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Parametric Snowflake Generator

by gringer, published

Parametric Snowflake Generator by gringer Dec 30, 2012
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9774Views 7057Downloads Found in 2D Art
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Summary

A computer model of a randomly-generated origami snowflake that should be similar to Wilson Bentley's observations.

Instructions

Load up the OpenSCAD file (snowflake.scad), compile and render. If you don't like the look of the snowflake, recompile and try again. When you see something you like, look at the beginning of the compile output and it will have a seed number. Set this as the variable 'rs'.
Consider using openscad to generate files, rather than the pre-generated STL files, because it will make your snowflakes a bit more unique:
openscad snowflake.scad -o random_flake.stl
Snowflakes will be randomly generated based on a few customisable parameters. For a less dense snowflake (more skeletal), reduce the number of crystals (nc). For a more dense snowflake (more like a hexagon), increase the number of crystals. For more variation in crystals, increase the crystal max thickness (cmt). Other parameters are present, see the top of the file for more details.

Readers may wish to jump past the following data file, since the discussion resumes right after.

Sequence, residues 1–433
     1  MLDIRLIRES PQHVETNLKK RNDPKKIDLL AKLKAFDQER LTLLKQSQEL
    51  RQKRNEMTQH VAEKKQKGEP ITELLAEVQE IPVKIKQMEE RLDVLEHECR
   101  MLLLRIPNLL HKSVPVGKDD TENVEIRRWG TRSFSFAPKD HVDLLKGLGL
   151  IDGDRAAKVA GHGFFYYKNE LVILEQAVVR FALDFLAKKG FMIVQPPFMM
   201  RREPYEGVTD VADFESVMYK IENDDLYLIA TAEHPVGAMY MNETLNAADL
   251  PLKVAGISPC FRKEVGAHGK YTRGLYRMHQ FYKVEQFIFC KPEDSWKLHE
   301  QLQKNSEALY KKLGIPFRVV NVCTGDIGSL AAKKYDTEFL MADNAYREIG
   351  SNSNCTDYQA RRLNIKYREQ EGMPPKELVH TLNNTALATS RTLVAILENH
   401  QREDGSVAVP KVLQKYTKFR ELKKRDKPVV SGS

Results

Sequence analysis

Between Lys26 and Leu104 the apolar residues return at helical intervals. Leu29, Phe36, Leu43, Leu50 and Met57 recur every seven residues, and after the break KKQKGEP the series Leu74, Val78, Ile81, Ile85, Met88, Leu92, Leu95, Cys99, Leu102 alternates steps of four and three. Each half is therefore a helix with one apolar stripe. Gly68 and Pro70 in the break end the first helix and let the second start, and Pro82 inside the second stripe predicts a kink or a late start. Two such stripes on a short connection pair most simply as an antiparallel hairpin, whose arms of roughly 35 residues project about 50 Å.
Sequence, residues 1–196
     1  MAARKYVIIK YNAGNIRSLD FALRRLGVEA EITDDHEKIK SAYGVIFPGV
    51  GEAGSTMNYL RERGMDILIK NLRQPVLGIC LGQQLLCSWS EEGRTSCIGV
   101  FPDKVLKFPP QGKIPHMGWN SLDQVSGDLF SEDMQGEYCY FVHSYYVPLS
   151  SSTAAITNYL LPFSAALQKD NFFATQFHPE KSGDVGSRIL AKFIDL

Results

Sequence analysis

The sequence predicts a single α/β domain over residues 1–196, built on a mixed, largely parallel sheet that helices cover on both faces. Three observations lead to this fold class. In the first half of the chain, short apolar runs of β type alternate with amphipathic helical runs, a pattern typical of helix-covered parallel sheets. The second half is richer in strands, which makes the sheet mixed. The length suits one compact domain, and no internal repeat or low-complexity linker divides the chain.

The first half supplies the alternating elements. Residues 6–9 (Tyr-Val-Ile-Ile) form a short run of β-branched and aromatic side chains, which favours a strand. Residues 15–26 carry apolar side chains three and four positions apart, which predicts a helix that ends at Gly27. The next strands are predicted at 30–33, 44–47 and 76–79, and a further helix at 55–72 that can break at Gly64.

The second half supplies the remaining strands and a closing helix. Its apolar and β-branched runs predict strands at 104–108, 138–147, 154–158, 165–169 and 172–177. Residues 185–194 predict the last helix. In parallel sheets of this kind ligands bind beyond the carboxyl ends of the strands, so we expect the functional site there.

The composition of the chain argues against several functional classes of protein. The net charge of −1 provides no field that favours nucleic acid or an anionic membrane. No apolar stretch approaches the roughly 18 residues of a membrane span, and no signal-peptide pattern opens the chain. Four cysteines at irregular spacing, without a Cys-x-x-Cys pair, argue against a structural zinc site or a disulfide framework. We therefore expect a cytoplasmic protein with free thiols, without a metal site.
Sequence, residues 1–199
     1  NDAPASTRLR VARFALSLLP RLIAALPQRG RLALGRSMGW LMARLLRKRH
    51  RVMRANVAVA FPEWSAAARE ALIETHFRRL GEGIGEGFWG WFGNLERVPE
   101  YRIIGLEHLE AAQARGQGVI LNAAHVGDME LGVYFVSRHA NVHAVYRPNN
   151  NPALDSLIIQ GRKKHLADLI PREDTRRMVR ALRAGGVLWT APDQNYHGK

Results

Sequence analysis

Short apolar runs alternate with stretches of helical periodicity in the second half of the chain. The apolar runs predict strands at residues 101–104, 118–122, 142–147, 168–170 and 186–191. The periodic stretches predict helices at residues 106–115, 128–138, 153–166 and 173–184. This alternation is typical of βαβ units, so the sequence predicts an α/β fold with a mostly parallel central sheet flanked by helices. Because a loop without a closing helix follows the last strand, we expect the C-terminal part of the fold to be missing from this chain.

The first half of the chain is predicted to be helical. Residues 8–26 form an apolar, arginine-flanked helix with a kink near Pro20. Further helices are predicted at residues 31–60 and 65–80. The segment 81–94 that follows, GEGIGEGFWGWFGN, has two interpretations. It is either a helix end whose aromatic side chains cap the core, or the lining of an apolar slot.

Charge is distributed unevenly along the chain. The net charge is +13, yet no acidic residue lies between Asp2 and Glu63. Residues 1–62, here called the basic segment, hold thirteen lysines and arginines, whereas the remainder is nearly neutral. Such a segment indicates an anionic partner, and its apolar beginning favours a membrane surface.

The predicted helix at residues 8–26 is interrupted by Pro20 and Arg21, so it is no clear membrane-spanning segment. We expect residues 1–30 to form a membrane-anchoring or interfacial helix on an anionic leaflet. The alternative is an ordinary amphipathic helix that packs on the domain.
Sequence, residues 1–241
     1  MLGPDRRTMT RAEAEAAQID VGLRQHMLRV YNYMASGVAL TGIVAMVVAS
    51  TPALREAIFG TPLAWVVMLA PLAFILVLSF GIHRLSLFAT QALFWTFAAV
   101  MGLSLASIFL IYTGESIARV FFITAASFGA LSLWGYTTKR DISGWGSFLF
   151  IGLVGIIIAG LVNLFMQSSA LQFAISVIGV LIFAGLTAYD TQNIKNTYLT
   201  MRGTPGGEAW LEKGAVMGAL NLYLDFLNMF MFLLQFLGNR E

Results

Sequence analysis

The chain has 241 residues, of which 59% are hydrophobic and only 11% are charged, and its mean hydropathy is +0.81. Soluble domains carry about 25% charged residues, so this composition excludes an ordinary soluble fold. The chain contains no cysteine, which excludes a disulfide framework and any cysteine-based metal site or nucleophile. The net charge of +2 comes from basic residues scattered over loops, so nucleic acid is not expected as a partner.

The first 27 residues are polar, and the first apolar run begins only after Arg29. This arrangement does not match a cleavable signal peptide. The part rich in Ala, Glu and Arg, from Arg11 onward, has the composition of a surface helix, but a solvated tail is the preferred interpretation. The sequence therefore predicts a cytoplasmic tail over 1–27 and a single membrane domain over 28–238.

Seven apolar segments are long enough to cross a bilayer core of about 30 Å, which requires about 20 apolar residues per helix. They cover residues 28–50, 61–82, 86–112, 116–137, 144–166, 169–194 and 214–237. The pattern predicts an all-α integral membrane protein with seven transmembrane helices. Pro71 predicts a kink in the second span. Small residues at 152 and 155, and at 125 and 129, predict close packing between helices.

I have tried to keep the placement of crystal seed start points fairly uniform across the flake (square root function to account for variable area across a triangle), and crystal angles are limited to 60 degrees (as seems to be the case from Wilson Bentley's pictures).
Additional notes:

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I've changed the models because too many people were making exactly the same snowflakes. These are meant to be unique, people!

I've updated the generating script to make random snowflakes by default and print out the seed value. You can do the usual openscad
export:

openscad snowflake.scad -o random_flake.stl

or set rs for a specific flake:

openscad snowflake.scad -D rs=5984 -o flake_5984.stl

Of course, the generator can also be wrapped in a loop on a Linux command line to create multiple flakes:

for i in $(seq 1 200); do openscad snowflake.scad -D rs=${x} -o flake_${x}.stl; done

@gringer,

Very neat and timely utility. I'm going to play with this a bit and see if I can find some nice dxf's that will cut well on my laser for acrylic and wood ornaments.

Your Linux script is slightly off in that you use an 'i' to iterate over a range of numbers, but an 'x' for the file name iterator.

Using the below line, I was generating around 33 dxf files per minute on my stock i5-3570K computer running OpenSCAD 2013.02.28 on Ubuntu 12.04.

for i in $(seq 1 200); do openscad snowflake.scad -D rs=${i} -o flake_${i}.dxf; done

Thanks, I recall that I noticed this when testing it out, but forgot to update my comments (now done).

Sounds awesome. I've got a very dead PC at the moment but I'll try it out when I get back up and running. You expect a big speed increase? With the code I used yesterday, generating 1 flake took 1m32, 2 flakes took 3m (so linear)... but 8 flakes took 54m!

Timing depends on the flake that is generated, but you should see something like a 10x speed increase. OpenSCAD has trouble merging the shapes in 3D, but seems to manage fine in 2D.

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